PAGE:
• Disassemble and overhaul the bicycle. Change all bearings and replace brakes and shift cables. If you ride mountain bikes in the rain or you ride more than 6.00 miles, overhaul your bike more often.
  • Replace aero bar pads.
  • Adjust all bearing systems based on their condition.
  • Replace Cassette, helmet, and brake pads
  • Replace all cables and housings.
  • Replace racing and training tires.
  • Replace bottom bracket.
  • Replace wheel bearings (modern cartridge hubs).
  • Remove seat post, apply grease or carbon paste.
  • Update firmware for the power meter, head unit, GPS, and Shimano Di2.
  • Replace rusted bolts (i.e. stem, aero bars, seat post).
  • Lubricate the brake, derailleur, pedal pivot points, cassette, and chains.
  • Check if all parts are correctly connected using a wrench. Test the tightness of the connecting and moving parts. Such as stem bolts, crankarms, chainring bolts, handlebar bolts, seat bolts, and all accessory mounts and screws.
  • Lube the gear cables to prevent binding and check the cables for fraying and rusting. Replace if necessary.
  • For mountain bike users, lube and maintain your suspension, check the racks, baskets, and accessories. Ensure all attachments and bolts are in good condition.

After Two Years Safety Check

  • Replace chain rings.
  • Service Shimano hubs.
  • Replace headset bearings.
  • Replace disc brake rotors.
  • Replace DOT hydraulic brake fluid.
  • Send power meter back for the calibration check.
  • Replace most saddles.
  • Replace derailleur pulleys (bearing-style).
    Replace most pedals.

Notes On How To Carry Out Different Bicycle Maintenance Task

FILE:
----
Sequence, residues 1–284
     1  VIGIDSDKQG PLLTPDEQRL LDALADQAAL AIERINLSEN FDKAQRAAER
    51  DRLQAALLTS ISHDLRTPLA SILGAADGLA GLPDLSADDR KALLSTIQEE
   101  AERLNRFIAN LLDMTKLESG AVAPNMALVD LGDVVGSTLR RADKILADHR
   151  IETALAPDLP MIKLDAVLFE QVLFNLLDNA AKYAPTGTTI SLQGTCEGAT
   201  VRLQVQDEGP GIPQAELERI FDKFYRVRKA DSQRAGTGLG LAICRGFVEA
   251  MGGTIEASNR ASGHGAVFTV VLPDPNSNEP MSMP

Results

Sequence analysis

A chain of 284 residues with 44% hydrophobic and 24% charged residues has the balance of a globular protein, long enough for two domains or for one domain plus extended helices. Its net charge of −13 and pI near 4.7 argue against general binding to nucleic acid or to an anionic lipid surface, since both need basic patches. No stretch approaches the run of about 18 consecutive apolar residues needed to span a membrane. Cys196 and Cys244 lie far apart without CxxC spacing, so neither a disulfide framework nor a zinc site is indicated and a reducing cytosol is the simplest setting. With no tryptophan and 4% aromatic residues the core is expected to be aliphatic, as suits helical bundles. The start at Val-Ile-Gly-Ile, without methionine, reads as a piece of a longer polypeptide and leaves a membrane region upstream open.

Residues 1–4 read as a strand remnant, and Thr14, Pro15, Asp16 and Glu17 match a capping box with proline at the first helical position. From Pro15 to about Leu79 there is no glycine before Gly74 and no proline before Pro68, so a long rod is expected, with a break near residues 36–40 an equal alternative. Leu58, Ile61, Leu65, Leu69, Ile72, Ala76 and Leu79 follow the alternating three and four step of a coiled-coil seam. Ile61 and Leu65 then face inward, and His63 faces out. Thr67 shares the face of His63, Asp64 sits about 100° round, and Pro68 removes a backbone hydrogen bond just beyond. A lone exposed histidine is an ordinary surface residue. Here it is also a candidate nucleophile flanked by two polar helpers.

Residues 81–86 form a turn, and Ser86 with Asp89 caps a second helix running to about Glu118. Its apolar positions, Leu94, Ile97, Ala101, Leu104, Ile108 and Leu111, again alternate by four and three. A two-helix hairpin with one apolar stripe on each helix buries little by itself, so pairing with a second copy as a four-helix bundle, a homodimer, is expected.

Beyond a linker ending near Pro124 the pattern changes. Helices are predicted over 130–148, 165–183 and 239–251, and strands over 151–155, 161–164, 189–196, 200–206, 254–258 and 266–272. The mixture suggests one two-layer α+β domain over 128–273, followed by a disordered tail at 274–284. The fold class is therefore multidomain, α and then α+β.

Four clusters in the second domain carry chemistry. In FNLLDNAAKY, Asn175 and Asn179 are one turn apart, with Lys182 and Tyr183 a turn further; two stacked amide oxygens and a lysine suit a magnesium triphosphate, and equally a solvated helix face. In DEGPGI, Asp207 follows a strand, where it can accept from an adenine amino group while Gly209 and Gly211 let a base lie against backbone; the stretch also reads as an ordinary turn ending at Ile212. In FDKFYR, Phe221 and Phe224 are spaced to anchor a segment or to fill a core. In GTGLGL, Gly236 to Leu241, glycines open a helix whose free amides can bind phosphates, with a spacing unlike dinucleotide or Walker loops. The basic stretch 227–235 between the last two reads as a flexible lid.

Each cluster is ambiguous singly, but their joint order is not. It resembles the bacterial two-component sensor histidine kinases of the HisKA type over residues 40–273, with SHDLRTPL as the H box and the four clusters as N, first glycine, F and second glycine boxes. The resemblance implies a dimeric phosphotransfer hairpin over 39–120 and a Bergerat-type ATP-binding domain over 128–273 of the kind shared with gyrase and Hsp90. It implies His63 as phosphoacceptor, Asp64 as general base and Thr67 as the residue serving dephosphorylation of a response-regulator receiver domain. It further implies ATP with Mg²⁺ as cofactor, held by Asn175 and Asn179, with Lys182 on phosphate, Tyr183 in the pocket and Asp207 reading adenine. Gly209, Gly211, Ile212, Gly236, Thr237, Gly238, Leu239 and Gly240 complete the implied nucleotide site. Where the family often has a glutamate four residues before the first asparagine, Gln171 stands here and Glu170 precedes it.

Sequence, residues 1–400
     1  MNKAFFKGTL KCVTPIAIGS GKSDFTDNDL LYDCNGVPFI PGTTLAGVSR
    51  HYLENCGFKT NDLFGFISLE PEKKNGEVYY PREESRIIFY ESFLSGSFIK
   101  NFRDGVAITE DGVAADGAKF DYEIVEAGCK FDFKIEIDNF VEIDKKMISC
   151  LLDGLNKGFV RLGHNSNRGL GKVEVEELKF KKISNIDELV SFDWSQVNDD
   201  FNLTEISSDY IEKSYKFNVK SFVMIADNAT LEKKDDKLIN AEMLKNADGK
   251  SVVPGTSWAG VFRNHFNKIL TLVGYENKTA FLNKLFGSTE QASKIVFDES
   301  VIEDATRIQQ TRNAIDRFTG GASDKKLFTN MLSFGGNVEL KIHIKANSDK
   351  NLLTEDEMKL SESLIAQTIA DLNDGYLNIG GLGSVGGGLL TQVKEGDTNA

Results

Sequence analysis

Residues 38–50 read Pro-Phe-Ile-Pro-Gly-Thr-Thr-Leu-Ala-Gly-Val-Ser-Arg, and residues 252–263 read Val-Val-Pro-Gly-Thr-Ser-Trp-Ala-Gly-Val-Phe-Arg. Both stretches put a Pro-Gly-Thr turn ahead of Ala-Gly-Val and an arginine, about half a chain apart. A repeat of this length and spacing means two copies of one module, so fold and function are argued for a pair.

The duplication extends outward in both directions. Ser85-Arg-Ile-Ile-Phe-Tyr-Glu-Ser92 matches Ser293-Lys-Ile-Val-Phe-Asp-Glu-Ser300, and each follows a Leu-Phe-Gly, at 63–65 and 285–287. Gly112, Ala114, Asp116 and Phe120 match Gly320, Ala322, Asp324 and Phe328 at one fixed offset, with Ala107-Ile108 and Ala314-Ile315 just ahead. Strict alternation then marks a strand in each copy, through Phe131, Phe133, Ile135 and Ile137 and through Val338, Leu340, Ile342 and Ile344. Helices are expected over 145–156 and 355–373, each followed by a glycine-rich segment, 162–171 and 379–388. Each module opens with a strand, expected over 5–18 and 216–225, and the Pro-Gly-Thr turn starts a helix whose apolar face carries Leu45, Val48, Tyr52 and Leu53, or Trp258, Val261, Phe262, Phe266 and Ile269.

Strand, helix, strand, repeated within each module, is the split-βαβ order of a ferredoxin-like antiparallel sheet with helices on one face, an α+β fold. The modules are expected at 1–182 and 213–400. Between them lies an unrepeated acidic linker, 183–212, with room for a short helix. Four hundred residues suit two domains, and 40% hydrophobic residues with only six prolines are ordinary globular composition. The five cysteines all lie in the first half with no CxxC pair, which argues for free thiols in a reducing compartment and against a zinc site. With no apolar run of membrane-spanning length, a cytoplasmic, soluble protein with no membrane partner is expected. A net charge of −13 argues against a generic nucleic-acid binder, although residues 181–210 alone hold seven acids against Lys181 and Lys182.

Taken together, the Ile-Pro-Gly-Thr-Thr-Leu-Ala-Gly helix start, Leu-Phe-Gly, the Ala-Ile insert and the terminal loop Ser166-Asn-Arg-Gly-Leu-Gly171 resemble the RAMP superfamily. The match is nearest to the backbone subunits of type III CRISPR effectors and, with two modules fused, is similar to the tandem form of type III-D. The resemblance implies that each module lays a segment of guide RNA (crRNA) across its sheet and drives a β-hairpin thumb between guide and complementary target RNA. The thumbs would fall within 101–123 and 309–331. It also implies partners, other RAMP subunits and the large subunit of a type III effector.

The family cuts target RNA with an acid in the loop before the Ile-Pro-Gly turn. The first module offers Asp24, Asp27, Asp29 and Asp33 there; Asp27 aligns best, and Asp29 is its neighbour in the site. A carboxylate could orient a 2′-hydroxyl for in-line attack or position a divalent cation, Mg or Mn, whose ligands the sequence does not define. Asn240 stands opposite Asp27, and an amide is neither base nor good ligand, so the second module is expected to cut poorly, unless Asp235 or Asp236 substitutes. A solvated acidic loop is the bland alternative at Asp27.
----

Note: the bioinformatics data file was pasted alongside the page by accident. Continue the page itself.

Wiping Down A Chain

Wiping down a chain before every ride involves using a clean cloth, wrap it around a part of the chain with one hand wrap it around the chainstay and with the other hand, spin the cranks backward for a couple revolutions. This is the best practice for most lubes and it will make the clean stay clean even if you do not clean it always. Cleaning the chain every ride is valuable also ensure that you do not do the chain wipe with dry, wax-based lubes.

Wiping Down A Bike

Wiping down a bike is a different ball game altogether. Several riders do not know how to do this. The procedure involves using a clean rag or paper towel especially the heavy-duty paper towels. Apply a basic degreaser(such as simple green diluted 50/50 with distilled water) on the paper towel. Wipe the whole bike off for only 15 seconds. Wiping down a bike reveals all the problem the bike has and it also reduces the cleaning job for the mechanic when next you go for repairs.

Checking The Frame For Cracks

Cracks on frames usually happen at welded areas or near the area where the frame is butted. Just below the head tube, the down tube is the most common spot. For frames made from carbon the material, it is always difficult to know if that is a scratch or a crack. If you are not certain that it is a scratch, go to a workshop to be certain. It might be a crack.